South Mountain Road to ConesvilleTrails IndexTop of page

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Difficulty Round trip Total climb Internet Maps
Trail difficultyTrail difficulty 7.4 mi. 750 ft. MSR Maps GPSies

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Head north on Route 30 through Margaretville, Roxbury and Grand Gorge. In about 5 miles after Grand Gorge turn right on Route 990V. Pass the Schoharie Reservoir heading east towards Conesville. After passing the turnoff for the Prattsville Road near Manor Kill Falls, drive another 3.8 miles through Conesville and turned right on South Mountain Road. Drive three miles to Cook Road on the right and a CCC or woods road directly across from it. Park on the woods road as far to one side as you can or park on the shoulder of Cook Road. Start walking back toward Potter Mountain Road on South Mountain Road. The trip out is mostly downhill making the return trip an uphill climb. There are a few interesting "attractions" along then road. Within the first half mile there is a cemetery on the right which seems to show more care than some of the others on the trail. Some houses along the road are obviously occupied while others seem to be second homes or deserted. Some of the houses are new and well-kept while others are older and run down. One house has a wrought iron fence around it and what were once tennis courts on the other side of the road. Everything is slowly decaying but there is no "For Sale" sign on the property. There is even one farm along the road. From Haner Road the South Mountain Road descends more steeply. It is almost exactly 3 miles to the intersection of South Mountain Road with Potter Mountain Road, the extension of Route 990V in this area. Turn left on Potter Mountain Road and walk .7 miles into Conesville to Champlin Road on the left. Since there are some opportunities to park in the area, this is a good place to turn around and walk back to the car. It also leaves a reasonable hike from Conesville to Manorkill Falls and back.

(The map at the right shows the parking area and the out and back hiking route.)

link to topo profile (The image below shows the profile of the hike. Remember that all vertical profiles are relative!)


Stage Road to Beaver Dam RoadTrails IndexTop of page

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Difficulty Round trip Total climb Internet Maps
Trail difficultyTrail difficulty 7.3 mi. 640 ft. MSR Maps GPSies

Follow Route 30 into Middleburgh and turn right to head east on Route 145 to Cotton Hill Road just outside of town. Turn left on Cotton Hill Road and drive 8.3 miles to Route 443, the Helderburg Trail. Make a right and drive about 8 miles through East Berne to Stage Road on the left. Turn left and parked on the right shoulder well off the pavement. Walk down Stage Road to Route 443 and turn righ. Continue to walk slightly downhill for .2 miles and turn right to walk up a driveway toward the trail. The trail here is a grassy lane which passes between two fields and then passes a house on the left. Arrive back on Stage Road at .3 miles. Continue up the road passed a tree with a blaze until you see a telephone pole on the left side of the road indicating left turn at about .6 miles. Walk along the west side of the hedgerow on the edge of the field. You may see an aqua blaze or two. To the left is a nice view into the Schoharie Valley. Continue to hike along the edge of the field passing a break in the hedgerow and continuing north until the blazes indicate a right turn into the woods. Follow the blazes through a wet and weedy area to a trail that leads out to Sawmill Road at 1.3 miles. The rest of the hike is on the roads. Turn left on Sawmill Road and walk a short distance to Long Road. Turn right at 1.6 miles and walk along Long Road for a little over a mile to the intersection with Elm Drive at 2.65 miles. There are some nice views from this intersection. Turn left on Elm Drive and hike .75 miles to Bush Drive. These roads have a few hills along the way but they are very gentle. Continue out to Beaver Dam Road and turn right. It is only .3 miles to the parking area on the left side of the road. Reached the parking area at about 3.8 miles into the hike. Turn around and head back the way you came. At 6.4 miles you will be back at the point where the trail turns off Sawmill Road into the woods. Continue on the road and walk a half mile out to Stage Road. Turn right and stay on Stage Road all the way back to the car.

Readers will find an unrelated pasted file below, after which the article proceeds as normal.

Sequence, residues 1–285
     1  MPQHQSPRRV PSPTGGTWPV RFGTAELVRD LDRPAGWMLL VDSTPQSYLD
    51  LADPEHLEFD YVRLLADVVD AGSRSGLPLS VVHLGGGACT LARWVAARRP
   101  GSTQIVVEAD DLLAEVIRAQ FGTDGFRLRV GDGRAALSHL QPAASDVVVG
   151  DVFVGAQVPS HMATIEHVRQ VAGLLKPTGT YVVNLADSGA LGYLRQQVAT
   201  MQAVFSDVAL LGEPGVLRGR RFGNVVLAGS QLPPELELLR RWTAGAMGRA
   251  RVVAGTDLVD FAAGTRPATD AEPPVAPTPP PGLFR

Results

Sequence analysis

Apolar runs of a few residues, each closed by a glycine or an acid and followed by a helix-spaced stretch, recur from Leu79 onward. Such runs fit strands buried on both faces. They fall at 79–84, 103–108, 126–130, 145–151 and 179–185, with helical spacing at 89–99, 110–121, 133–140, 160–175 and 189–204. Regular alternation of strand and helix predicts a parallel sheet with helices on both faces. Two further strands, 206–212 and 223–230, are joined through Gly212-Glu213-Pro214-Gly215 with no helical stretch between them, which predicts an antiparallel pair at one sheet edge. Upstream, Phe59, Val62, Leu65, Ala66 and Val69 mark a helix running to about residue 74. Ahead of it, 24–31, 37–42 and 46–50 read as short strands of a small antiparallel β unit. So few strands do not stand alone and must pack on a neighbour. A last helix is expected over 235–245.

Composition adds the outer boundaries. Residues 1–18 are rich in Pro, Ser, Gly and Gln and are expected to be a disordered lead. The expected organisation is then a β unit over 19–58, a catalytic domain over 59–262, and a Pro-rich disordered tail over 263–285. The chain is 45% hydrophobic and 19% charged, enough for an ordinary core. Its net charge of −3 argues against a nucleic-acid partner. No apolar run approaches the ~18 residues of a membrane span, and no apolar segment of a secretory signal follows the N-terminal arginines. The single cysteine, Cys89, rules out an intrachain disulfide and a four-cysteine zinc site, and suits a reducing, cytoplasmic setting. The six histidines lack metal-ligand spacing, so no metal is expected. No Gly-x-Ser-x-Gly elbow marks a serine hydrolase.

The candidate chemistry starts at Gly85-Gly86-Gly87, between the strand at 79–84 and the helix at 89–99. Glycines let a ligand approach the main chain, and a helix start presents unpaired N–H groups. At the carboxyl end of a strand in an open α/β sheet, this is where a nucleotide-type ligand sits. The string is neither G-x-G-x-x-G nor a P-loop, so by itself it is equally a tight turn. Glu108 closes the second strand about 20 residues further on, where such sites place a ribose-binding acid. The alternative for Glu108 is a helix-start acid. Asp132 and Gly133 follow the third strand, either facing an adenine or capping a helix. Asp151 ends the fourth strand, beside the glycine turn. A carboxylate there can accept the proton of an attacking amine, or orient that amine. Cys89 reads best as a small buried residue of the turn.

(The map above shows the parking area and the out and back hiking route.)

link to topo profile (The image at the left shows the profile of the hike. Remember that all vertical profiles are relative!)


Sullivan Branch: Waterfall BushwhackTrails IndexTop of page

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Difficulty Round trip Total climb Internet Maps
Trail difficultyTrail difficultyTrail difficulty 1.6 mi. 350 ft. MSR Maps GPSies

link to topo map

From Route 118 turn north onto Central Road. In Center take a right onto Jamison City Road. In Jamison City turn right onto Sullivan Falls Road to State Game Lands #13. Park in the parking area on the left side of the road about 2.5 miles up the road before a big right hand bend. This road starts as a reasonably paved back road and rapidly deteriorates to a one lane road with many eroded areas near the end.